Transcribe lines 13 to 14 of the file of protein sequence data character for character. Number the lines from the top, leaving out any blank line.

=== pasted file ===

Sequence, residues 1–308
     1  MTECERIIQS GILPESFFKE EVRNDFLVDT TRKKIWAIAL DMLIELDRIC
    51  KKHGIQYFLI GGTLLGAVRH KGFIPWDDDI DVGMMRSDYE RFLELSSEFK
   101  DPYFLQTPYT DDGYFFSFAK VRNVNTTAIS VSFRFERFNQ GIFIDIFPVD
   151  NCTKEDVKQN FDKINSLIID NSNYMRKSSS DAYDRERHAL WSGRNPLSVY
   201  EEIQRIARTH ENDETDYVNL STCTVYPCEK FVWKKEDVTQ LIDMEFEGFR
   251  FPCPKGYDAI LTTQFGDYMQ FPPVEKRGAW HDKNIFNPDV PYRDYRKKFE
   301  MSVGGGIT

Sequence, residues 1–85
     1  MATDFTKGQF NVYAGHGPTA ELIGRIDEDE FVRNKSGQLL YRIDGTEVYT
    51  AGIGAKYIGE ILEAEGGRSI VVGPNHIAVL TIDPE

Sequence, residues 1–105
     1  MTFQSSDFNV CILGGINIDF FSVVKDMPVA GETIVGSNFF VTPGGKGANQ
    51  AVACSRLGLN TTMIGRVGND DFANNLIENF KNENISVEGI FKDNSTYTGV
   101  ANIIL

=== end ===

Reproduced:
     1  MTFQSSDFNV CILGGINIDF FSVVKDMPVA GETIVGSNFF VTPGGKGANQ
    51  AVACSRLGLN TTMIGRVGND DFANNLIENF KNENISVEGI FKDNSTYTGV